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Front Neuroendocrinol. 2015 Jul;38:12-36. doi: 10.1016/j.yfrne.2014.12.004. Epub 2015 Jan 12.

Developmental variations in environmental influences including endocrine disruptors on pubertal timing and neuroendocrine control: Revision of human observations and mechanistic insight from rodents.

Author information

1
Developmental Neuroendocrinology Unit, GIGA Neurosciences, University of Liège, Sart-Tilman, B-4000 Liège, Belgium; Department of Pediatrics, CHU de Liège, Rue de Gaillarmont 600, B-4032 Chênée, Belgium.
2
Developmental Neuroendocrinology Unit, GIGA Neurosciences, University of Liège, Sart-Tilman, B-4000 Liège, Belgium.
3
Developmental Neuroendocrinology Unit, GIGA Neurosciences, University of Liège, Sart-Tilman, B-4000 Liège, Belgium; Department of Pediatrics, CHU de Liège, Rue de Gaillarmont 600, B-4032 Chênée, Belgium. Electronic address: jpbourguignon@ulg.ac.be.

Abstract

Puberty presents remarkable individual differences in timing reaching over 5 years in humans. We put emphasis on the two edges of the age distribution of pubertal signs in humans and point to an extended distribution towards earliness for initial pubertal stages and towards lateness for final pubertal stages. Such distortion of distribution is a recent phenomenon. This suggests changing environmental influences including the possible role of nutrition, stress and endocrine disruptors. Our ability to assess neuroendocrine effects and mechanisms is very limited in humans. Using the rodent as a model, we examine the impact of environmental factors on the individual variations in pubertal timing and the possible underlying mechanisms. The capacity of environmental factors to shape functioning of the neuroendocrine system is thought to be maximal during fetal and early postnatal life and possibly less important when approaching the time of onset of puberty.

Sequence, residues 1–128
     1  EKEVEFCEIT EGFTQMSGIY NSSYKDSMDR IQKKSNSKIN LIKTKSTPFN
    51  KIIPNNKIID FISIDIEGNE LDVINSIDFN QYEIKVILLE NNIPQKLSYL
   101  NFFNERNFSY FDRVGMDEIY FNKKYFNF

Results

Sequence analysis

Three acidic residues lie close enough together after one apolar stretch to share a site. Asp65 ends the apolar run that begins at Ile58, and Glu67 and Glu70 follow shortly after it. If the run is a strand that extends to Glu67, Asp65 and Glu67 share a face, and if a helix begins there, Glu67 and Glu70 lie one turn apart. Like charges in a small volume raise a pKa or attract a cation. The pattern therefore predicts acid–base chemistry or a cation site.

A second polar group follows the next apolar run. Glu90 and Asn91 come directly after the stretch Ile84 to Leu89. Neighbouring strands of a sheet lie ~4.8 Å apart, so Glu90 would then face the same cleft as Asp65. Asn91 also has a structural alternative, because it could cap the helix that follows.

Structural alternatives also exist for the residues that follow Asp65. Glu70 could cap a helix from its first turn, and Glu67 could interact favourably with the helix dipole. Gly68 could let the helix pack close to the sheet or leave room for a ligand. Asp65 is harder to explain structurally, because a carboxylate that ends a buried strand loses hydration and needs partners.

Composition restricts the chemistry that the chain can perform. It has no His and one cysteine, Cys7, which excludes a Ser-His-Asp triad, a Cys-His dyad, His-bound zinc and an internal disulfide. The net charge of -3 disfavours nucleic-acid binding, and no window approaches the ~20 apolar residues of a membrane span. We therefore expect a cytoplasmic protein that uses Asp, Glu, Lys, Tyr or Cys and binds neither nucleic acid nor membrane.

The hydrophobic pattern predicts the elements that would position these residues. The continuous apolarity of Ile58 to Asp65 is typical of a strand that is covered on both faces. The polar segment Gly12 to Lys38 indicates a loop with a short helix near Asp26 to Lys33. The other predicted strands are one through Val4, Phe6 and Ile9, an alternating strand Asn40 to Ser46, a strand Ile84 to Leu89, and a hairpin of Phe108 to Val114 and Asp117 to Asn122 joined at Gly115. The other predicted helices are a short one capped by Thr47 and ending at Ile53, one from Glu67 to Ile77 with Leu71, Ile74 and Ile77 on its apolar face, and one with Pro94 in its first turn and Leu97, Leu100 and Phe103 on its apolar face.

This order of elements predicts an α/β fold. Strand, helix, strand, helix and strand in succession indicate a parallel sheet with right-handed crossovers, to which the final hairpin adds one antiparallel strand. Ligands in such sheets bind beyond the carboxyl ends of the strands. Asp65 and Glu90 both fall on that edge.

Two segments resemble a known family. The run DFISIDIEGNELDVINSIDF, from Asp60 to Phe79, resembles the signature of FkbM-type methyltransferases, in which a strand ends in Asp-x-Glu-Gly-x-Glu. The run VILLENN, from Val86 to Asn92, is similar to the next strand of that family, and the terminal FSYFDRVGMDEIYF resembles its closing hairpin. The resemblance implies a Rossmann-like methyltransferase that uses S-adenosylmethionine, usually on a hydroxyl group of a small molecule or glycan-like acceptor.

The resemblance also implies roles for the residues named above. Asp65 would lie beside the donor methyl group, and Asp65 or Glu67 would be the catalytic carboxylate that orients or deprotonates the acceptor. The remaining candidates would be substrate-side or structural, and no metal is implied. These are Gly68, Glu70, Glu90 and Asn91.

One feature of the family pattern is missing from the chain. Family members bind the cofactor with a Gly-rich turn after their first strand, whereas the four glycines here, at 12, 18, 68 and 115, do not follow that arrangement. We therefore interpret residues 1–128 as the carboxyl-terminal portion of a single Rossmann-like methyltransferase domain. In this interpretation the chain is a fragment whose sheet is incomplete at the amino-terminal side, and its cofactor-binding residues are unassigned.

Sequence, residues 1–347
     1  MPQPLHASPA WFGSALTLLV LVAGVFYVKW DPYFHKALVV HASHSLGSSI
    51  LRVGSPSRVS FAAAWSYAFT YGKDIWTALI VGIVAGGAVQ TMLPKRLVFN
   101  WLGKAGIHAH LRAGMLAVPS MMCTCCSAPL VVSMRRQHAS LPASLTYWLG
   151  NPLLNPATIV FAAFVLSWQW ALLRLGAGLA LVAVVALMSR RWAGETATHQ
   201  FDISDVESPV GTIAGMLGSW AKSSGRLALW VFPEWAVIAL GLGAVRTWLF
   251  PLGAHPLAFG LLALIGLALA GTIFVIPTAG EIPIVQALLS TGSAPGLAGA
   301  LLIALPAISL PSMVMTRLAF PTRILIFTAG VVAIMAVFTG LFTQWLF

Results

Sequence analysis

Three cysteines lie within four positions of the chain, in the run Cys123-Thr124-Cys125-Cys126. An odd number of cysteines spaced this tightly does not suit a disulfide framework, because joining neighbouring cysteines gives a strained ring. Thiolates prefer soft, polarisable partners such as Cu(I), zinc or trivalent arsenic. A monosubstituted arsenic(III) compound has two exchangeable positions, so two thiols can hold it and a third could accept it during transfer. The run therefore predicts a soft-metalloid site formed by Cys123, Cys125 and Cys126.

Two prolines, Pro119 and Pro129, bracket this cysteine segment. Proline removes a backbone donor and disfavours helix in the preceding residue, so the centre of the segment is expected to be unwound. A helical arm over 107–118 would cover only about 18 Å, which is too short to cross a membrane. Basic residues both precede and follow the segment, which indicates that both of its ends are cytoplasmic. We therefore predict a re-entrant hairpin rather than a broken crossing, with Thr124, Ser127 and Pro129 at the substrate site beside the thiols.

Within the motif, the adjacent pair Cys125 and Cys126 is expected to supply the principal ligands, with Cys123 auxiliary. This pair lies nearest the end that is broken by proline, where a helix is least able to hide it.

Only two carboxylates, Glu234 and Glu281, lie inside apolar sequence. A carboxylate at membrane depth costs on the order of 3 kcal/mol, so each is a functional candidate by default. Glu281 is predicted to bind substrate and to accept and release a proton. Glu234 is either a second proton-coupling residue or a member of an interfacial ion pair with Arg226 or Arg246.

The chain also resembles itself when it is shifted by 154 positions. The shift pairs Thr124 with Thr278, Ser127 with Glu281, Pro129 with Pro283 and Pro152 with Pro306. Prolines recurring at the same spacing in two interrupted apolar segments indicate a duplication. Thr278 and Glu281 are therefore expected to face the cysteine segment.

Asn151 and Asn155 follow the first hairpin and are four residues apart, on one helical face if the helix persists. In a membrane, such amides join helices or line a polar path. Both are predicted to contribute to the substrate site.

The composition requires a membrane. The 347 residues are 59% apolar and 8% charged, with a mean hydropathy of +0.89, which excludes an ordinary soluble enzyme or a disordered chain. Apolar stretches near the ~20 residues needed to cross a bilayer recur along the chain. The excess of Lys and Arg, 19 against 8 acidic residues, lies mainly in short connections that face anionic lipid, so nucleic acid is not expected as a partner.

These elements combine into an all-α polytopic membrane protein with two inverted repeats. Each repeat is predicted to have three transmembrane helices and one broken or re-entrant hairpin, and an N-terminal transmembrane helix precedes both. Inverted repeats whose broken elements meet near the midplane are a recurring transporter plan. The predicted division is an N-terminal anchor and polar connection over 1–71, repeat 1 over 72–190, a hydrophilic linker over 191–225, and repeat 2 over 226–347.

KEYWORDS:

Adolescence; Endocrine disruptors; Gonadotropin releasing hormone; Puberty; Secular trends

PMID:
25592640
DOI:
10.1016/j.yfrne.2014.12.004
[Indexed for MEDLINE]
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